“Maximum allowed limits have now been lowered due to the substance’s toxicity and harmfulness,” the audit reads. Nevertheless, data from the European Food Safety Association suggest that concentration of chlorpyrifos in food often exceeds permitted levels.
Another especially worrying fact is that even if the VTA identifies a dangerous concentration of pesticide inside a product, the agency cannot react fast enough to remove it from the market. The audit office also found that even in cases where dangerous levels were discovered, the agency has refrained from issuing warnings in most cases.
The audit reads that delays are understandable as it takes a month for the VTA to get back test results it has ordered. If a dangerous product has been discovered by another country that has made the threat known through the EU rapid warning system, it takes time to identify Estonian resellers.
“That is why dangerous food products are sold to consumers before the Veterinary and Food Board can do anything about it,” the audit reads.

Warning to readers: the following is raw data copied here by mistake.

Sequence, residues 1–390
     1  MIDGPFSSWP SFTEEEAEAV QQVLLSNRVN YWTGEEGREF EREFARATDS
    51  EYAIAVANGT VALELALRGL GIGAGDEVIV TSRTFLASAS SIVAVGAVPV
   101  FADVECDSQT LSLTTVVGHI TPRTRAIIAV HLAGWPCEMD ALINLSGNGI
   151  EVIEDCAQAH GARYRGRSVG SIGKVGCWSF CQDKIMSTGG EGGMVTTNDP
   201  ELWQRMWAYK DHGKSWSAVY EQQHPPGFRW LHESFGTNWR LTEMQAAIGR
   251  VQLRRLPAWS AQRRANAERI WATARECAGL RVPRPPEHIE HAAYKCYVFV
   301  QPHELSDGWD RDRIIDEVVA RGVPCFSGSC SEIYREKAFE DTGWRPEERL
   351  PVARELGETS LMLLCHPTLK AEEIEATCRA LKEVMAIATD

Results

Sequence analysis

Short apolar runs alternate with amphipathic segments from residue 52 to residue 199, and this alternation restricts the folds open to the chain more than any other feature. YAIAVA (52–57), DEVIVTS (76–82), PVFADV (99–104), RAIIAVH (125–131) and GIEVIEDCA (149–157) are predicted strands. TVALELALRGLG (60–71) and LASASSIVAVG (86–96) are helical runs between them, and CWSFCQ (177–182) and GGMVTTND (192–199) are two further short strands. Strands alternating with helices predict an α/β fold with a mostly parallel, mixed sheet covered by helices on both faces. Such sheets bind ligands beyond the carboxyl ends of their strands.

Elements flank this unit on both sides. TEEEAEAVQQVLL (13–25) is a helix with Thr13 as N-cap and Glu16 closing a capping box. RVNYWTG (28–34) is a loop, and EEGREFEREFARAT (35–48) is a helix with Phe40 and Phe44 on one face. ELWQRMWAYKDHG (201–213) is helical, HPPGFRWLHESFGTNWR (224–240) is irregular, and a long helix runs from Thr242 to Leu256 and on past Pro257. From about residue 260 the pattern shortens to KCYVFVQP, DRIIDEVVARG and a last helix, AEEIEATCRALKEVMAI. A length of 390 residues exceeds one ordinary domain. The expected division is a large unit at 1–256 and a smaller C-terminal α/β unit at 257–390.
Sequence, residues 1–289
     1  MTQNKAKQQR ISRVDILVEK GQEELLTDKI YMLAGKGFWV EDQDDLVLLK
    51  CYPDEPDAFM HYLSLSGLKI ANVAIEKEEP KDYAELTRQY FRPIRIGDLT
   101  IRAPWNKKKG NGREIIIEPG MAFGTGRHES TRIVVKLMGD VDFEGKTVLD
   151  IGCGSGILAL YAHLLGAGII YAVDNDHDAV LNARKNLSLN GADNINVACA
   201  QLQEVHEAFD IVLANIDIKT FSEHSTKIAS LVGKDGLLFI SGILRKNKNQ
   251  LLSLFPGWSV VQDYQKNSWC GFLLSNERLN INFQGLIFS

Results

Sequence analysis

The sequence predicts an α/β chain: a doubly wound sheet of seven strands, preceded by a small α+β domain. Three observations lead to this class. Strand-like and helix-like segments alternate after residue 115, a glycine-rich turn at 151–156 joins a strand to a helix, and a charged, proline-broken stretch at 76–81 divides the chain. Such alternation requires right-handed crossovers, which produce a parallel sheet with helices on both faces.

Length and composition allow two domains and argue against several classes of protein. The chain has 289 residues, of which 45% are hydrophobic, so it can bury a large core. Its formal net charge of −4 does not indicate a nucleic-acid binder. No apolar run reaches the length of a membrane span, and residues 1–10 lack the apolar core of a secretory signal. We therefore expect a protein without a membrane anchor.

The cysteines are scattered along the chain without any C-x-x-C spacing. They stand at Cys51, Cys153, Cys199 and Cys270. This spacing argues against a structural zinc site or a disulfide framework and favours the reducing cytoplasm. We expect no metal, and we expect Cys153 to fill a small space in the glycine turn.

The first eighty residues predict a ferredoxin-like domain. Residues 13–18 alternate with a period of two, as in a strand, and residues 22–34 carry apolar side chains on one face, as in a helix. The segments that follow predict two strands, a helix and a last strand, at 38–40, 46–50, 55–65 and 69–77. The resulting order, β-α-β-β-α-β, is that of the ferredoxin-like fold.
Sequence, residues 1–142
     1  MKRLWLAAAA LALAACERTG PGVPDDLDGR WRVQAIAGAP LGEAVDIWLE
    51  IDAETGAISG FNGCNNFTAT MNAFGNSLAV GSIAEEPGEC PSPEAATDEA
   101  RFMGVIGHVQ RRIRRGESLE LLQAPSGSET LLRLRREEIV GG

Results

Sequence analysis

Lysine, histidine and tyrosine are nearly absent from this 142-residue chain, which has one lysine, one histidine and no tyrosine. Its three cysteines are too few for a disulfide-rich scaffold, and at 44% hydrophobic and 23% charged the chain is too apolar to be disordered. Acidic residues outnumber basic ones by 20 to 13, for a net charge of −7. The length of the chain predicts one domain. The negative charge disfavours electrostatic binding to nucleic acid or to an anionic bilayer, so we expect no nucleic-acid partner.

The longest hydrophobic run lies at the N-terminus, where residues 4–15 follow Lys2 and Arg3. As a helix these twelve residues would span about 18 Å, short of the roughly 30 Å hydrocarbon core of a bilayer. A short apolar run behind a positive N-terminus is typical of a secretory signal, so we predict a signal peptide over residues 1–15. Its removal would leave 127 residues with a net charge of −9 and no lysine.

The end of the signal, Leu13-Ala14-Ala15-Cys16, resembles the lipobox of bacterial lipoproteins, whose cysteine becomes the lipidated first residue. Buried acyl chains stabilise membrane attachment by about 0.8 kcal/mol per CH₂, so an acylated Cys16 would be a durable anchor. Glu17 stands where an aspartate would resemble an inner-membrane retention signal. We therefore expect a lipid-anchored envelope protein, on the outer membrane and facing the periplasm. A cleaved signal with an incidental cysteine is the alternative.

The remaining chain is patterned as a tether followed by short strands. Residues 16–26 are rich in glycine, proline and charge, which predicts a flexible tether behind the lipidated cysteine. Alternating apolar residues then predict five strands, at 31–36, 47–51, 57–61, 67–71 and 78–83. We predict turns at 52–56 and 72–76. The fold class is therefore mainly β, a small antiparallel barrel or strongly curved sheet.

Over the past four years, more than 28 tons of fruits and vegetables containing dangerous amounts of pesticide residue have been sold and eaten in Estonia. That includes 2.1 tons of Estonian baby food contaminated by Boscalid and Chlormequat.
Because these excesses were discovered in the course of random checks, it is likely that more dangerously contaminated food has reached our tables.
Late warnings are inevitable due to the long procedural chain involved. According to the National Audit Office, this is all the more reason to invest in raising awareness so people would be aware of potentially dangerous fruits and vegetables on sale. People should be told which products have been found to be most contaminated over the years so consumers could make more conscious choices.
One major reason why food safety seems to be governed by chaos is agencies shifting responsibility away from themselves. Auditor General Janar Holm said that several problems with food safety could be solved if the VTA and the Agricultural Board (PMA), both of which belong in the administrative area of the Ministry of Rural Affairs, were better at working together.
Let us take the example of carrots. VTA treats carrots as food, while PMA treats it as a plant. If both agencies saw carrots as both a food and a plant, Estonia would have a better overview of traces of pesticides in carrots.
PMA is in charge of plant health and proper use of pesticides. The agency says, however, that they are under no obligation to generalize food data as food safety is not in their administrative area.